FIG. 32 illustrates an iteration of the device in a completely extended position. The majority of actuators 118, 120 are now underneath the skin layer, as actuators 227, 228, having been advanced by spreader 134 by access through the distinct stab incisions 24. The attached arms 102, 108 and the support channels 106 extend the divided breastbone edges 218 apart. Because the divided breastbone is spread far apart, the surgeon now can visualize and manipulate typical structures such as the heart, lungs and aorta through access incision 20.

FIG. 33 is an illustration of a different device, such as the device shown in FIG. 19, in the completely deployed (extended) position. The device is positioned below the skin and fatty tissue layer after creating the space by the method described. The crankshaft 201 is placed through the distinct stab incision 24 in order to join actuator bolt 197, and drive it through base 195. The crankshaft 201 can then be removed from actuator bolt 197 during the procedure. In the extended position, the attached arms 102, 108 and the support channels 106 spread apart the divided breastbone edges 218 in order to maintain deep access space 226, and allow visualization of deep structures through the access incision 20. At the end of the procedure, the crankshaft 201 is turned in the reverse direction to collapse the device to facilitate removal.

FIG. 34 illustrates a device 300 of another embodiment. As shown, the device 300 includes a spreader mechanism 302 having a base 304 and a handle 306. The device further includes an actuator 308 that extends through the base 304 of the spreader mechanism 302. The rotation of the handle 306 of the spreader mechanism 302 causes the relative movement of the actuator 308 with respect to the base 304. As shown, the spreader mechanism 302 further includes another actuator 310, which is fixedly secured to the base 304. Arms 312, 314 are attached to respective actuators 308, 310, with each actuator being curved when transitioning to its respective arm. As shown, actuator 308 overlies arm 314. However, it should be understood that the device 300 may be configured so that arm 314 overlies actuator 308 and fall within the scope of the present disclosure.

In this example, one of the actuators (e.g., actuator 310) is fixed to the base 304 of the spreader mechanism 302, and the other actuator (e.g., actuator 308) is comprised of both a curved segment as well as a straight segment containing gear teeth 316. In another embodiment, both actuators may be configured to have curved and straight segments with gear teeth, and the spreader mechanism is configured to engage each actuator. The spreader mechanism 302 includes gearing or any suitable mechanism provided within the base 304 to actuate the movement of the actuator 308 when turning the handle 306.

Embodiments of the device disclosed herein may be utilized to perform a number of surgical procedures. For example, in a method for performing surgery on organs located below a skin and muscle layer through a small skin incision, the method comprises: making a small access incision in the skin; surgically separating a tissue plane between a normally adherent and adjacently layered muscle and fatty tissue radiating outward from the skin; utilizing a device to spread divided deeper tissues apart below the level of the skin without directly contacting the skin edges of the access incision; and performing a surgical procedure. In one embodiment, the small access incision is generally less than 8 cm long. The device may be configured with a crankshaft driver that traverses from external to, to internal to, the skin in order to actuate and spread the device apart below the intact skin adjacent to the access incision.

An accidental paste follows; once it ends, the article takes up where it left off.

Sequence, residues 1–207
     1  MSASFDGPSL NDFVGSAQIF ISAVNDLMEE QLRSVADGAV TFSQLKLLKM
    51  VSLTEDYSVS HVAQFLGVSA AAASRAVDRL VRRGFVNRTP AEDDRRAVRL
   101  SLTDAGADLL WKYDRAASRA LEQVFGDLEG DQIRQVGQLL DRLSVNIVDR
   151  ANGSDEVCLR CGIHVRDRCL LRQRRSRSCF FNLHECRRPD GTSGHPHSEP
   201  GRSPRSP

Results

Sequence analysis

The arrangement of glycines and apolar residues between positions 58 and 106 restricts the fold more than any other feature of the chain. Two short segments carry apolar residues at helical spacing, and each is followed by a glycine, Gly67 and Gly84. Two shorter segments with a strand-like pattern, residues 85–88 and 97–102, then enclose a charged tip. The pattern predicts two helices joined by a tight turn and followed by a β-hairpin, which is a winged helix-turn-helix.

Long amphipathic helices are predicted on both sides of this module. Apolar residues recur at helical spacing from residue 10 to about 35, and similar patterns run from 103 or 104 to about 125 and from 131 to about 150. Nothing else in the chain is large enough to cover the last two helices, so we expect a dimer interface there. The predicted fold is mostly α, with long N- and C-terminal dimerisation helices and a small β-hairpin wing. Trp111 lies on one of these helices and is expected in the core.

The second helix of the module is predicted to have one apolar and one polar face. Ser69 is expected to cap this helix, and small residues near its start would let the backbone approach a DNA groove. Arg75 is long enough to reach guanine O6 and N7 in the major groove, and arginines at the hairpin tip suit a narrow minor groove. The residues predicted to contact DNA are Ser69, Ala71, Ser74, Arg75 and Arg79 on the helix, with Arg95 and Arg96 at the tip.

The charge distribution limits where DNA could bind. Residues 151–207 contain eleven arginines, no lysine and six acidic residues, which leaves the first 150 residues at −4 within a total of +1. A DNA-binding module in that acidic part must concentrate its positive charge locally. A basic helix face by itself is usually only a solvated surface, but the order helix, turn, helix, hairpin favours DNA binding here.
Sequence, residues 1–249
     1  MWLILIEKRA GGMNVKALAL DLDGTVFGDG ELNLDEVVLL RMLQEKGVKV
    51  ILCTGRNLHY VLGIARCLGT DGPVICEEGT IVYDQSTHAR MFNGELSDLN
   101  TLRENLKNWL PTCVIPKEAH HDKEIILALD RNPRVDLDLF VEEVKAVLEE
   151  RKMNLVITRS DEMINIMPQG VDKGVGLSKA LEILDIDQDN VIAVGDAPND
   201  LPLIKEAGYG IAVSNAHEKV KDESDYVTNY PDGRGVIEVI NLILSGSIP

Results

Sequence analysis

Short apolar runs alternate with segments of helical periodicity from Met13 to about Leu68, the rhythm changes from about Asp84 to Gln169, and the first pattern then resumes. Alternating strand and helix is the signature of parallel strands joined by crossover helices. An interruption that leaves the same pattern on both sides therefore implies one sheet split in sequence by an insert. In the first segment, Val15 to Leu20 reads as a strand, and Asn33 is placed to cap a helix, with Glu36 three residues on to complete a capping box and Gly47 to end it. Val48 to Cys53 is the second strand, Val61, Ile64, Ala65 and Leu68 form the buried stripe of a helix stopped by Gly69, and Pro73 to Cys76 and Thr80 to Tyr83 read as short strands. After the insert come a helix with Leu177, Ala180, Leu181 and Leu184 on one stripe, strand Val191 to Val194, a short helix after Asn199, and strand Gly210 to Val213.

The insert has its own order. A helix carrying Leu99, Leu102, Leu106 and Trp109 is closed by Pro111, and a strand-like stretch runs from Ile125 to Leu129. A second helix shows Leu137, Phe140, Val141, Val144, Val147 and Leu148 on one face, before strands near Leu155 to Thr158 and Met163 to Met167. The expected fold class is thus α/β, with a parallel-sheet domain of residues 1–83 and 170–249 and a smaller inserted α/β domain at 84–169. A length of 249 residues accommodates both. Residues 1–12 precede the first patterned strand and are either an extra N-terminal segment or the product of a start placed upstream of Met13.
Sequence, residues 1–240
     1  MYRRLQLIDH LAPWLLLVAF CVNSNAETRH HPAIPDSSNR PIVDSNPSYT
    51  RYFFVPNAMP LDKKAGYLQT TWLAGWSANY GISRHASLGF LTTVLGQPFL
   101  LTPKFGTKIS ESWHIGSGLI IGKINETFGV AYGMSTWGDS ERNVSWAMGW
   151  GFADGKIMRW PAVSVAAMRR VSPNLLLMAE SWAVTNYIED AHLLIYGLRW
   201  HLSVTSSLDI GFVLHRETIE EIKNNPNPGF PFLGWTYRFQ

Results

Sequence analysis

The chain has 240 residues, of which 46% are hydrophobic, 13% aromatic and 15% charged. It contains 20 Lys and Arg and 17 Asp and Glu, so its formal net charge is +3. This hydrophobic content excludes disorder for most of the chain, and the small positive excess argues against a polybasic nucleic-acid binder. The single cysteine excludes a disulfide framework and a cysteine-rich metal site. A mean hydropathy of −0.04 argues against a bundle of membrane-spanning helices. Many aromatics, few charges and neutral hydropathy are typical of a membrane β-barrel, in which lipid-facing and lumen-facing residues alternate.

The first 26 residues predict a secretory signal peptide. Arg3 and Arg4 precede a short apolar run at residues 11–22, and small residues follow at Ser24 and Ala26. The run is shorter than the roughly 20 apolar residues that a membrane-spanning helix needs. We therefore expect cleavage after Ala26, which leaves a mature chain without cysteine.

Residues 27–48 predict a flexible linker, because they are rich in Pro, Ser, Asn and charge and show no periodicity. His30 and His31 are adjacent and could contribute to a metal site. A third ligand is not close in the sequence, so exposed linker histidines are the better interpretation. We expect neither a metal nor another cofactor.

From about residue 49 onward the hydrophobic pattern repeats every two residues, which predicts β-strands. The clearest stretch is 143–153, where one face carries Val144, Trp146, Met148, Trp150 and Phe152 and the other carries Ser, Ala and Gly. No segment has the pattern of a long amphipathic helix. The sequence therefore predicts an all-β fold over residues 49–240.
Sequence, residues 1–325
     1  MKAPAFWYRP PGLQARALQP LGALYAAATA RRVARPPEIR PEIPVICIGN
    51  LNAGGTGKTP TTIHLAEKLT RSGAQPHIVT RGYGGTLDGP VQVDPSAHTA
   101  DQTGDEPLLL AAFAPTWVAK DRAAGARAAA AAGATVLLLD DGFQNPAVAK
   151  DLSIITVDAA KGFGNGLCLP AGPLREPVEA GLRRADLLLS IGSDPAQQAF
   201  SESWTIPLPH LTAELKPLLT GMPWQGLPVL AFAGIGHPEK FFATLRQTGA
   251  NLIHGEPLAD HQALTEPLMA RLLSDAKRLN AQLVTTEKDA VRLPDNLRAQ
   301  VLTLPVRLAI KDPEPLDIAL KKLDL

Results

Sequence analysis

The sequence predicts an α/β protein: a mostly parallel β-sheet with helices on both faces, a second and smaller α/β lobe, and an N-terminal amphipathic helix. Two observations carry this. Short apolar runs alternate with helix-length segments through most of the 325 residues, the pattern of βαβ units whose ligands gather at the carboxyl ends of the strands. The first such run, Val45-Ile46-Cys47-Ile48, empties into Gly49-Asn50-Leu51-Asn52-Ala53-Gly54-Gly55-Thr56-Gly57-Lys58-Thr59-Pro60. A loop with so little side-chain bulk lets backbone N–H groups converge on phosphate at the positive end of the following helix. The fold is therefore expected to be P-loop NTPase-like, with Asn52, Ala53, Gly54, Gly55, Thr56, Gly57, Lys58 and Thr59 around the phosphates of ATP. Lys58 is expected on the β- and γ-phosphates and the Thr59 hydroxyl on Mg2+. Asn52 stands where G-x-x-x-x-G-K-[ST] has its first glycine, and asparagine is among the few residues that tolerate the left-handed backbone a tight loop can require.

In another example, a method for performing heart surgery through a small skin incision comprises: making a small access incision in the skin overlying the breastbone; surgically separating a tissue plane between the normally adherent and adjacently layered pectoralis muscle and fatty tissue radiating outward from the skin incision underneath adjacent areas of intact skin; dividing the pectoralis muscles and the breastbone vertically in the midline; utilizing a device to spread apart the breastbone below the level of the skin without directly contacting the skin edges of the access incision; and performing heart surgery. In one embodiment, the small access incision is generally less than 8 cm long. The device may be configured with a crankshaft driver that traverses from external to, to internal to, the skin in order to actuate and spread the device apart below the intact skin adjacent to the access incision.

In another example, a method for instructing a surgeon to perform heart surgery through a small skin incision comprises: directing the surgeon to create a small access incision in the skin overlying the breastbone; surgically separating the tissue plane between the normally adherent and adjacently layered pectoralis muscle and fatty tissue radiating outward from the skin incision underneath adjacent areas of intact skin; dividing the pectoralis muscles and the breastbone vertically in the midline; utilizing a device to spread apart the breastbone below the level of the skin without directly contacting the skin edges of the access incision; and performing heart surgery. In one embodiment, the surgeon is further instructed to actuate the device by utilizing a crankshaft driver that traverses from external to, to internal to, the skin.